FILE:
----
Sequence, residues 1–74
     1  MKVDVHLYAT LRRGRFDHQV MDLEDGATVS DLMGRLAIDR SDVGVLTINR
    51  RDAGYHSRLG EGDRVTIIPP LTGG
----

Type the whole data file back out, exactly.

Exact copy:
Sequence, residues 1–74
     1  MKVDVHLYAT LRRGRFDHQV MDLEDGATVS DLMGRLAIDR SDVGVLTINR
    51  RDAGYHSRLG EGDRVTIIPP LTGG